Astros 6, Marlins 5
The Astros didn’t look like they were going to need their dependable closer after building a 6-1 after two innings. But they mustered only two hits the rest of the game and had to sweat out their 27th one-run regular-season victory since the start of last year.
“It’s the only way we know how to do it,” Biggio said. “We can win 10-9 or 2-1. It’s just something that over the last three or four years, we have no idea on how to blow another team out. I think a lot of guys in here are used to the tough games.”
Willingham and Miguel Cabrera had two RBIs apiece for the Marlins, who have 11 rookies on their roster and the major league’s lowest payroll.
First-year manager Joe Girardi held back tears as he talked about his team’s effort outside the clubhouse.
“I kind of got emotional watching them play,” Girardi said. “They were trying so hard. Our guys grew up a little bit tonight.”
Astros left-hander Wandy Rodriguez (1-0), who replaced scheduled starter Brandon Backe, allowed four runs and seven hits in his first outing since relieving a hobbled Roger Clemens in Game 1 of the World Series. Backe sat out with a sore back on his 28th birthday but said he’ll start Friday against Washington.
The Astros had only 10 hits in their first two games and won Monday’s opener 1-0 when Biggio scored on a wild pitch.
They looked like they were ready to snap out of their offensive doldrums when they jumped on former Houston pitcher Brian Moehler.
After Willingham’s two-out RBI single in the first, the Astros took the lead after Moehler’s first three pitches.
Biggio led off with his 606th career double, moving ahead of Paul Molitor and Paul Waner to 10th on the career list. He went to third on Willy Taveras’ sacrifice bunt and trotted home when Berkman homered to left.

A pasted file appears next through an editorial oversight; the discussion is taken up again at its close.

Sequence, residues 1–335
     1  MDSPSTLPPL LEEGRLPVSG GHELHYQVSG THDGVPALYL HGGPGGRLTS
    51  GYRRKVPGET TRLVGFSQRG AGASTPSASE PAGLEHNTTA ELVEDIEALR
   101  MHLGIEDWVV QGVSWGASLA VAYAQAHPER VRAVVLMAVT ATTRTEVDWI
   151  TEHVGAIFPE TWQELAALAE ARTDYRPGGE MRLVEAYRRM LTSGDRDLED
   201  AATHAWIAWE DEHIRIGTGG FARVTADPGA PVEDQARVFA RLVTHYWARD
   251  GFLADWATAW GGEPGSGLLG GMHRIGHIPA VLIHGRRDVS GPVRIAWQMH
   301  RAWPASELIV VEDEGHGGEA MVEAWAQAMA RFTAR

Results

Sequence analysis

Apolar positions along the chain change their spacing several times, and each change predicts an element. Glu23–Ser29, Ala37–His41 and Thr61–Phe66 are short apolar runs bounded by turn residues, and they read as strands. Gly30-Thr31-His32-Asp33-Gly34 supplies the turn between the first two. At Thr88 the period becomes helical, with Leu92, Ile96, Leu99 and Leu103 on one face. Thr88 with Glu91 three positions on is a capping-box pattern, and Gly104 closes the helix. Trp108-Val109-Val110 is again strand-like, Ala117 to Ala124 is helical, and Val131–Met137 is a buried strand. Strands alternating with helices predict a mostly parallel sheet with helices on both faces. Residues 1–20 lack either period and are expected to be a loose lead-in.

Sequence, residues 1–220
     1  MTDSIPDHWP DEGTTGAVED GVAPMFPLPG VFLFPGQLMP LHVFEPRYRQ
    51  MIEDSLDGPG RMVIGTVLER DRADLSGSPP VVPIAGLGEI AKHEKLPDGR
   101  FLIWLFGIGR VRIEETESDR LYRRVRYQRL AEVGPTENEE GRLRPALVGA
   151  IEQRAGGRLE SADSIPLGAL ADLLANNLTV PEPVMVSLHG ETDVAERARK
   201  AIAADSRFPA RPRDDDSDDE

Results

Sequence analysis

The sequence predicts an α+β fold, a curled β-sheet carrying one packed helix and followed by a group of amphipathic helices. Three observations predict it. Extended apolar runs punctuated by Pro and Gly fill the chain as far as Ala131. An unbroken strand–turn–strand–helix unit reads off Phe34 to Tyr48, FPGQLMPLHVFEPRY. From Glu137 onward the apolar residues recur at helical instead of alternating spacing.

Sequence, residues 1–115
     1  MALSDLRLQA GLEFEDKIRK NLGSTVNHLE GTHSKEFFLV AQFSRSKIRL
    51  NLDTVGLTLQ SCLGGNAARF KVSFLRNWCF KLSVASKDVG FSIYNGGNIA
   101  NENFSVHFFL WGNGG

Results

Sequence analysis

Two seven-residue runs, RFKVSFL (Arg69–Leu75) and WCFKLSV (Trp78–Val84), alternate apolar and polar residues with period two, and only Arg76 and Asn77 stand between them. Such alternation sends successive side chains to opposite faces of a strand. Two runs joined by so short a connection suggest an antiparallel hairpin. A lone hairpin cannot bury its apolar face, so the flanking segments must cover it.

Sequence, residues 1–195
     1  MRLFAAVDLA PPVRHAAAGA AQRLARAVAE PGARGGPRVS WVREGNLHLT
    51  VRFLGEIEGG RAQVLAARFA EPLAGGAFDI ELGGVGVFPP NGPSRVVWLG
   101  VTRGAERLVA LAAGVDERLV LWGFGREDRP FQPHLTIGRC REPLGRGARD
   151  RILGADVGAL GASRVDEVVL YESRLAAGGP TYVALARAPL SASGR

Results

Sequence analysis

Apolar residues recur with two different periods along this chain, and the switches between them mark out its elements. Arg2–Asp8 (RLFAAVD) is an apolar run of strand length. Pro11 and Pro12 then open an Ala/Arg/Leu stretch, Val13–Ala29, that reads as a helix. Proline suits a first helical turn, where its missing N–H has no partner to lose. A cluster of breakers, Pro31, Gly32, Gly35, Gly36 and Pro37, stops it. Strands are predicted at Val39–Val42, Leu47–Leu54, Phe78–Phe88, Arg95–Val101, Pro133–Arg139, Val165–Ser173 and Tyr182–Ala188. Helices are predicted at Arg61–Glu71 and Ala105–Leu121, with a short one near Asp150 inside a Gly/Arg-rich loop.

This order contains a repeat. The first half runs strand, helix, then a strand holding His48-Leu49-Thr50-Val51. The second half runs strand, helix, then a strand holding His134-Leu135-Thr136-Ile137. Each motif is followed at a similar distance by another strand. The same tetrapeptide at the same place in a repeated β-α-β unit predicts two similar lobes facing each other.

“My location was horrible,” Moehler said. “My mechanics are out of whack right now and it’s very frustrating.”
After Morgan Ensberg walked, Wilson homered to right, flashing the power the Astros wanted when they signed him as a free agent. Wilson hit 25 homers last season with Colorado and Washington.
“It was nice to score a few runs early,” Wilson said, “and I think it put our pitchers in a situation where they didn’t have to pitch error-free. Hopefully, we’ll do some more of that for them this year.”
Biggio had an RBI single in the second, stole his 408th career base, then scored on Berkman’s single to reach 1,700 career runs. His two hits left him two shy of 2,800.
Moehler (0-1) pitched for Houston in 2003, then had elbow surgery that ended his season after just three starts. He threw only 31 pitches against his old team on Wednesday, allowing six runs and six hits in two innings.
Girardi turned to right-hander Ricky Nolasco, the last of five Marlins who made his major league debut in Houston. The 23-year-old Nolasco held the Astros to one hit with two strikeouts in three innings.
“Our guys buckled down, came back and we had a chance to win,” Girardi said. “Eventually, our guys are going to win those games.”
But not this time.
Lidge trotted in for the ninth to loud roars and his heavy-metal theme song “Here Comes the Pain” thundering through Minute Maid Park.
Garner is sticking with Biggio in the leadoff spot, followed by Taveras. Taveras led off 117 games in 2005 before Garner changed the order late in the year. “We seemed to start clicking pretty well when we made that move,” Garner said. … Ensberg walked three times, giving him five in 11 at-bats this season.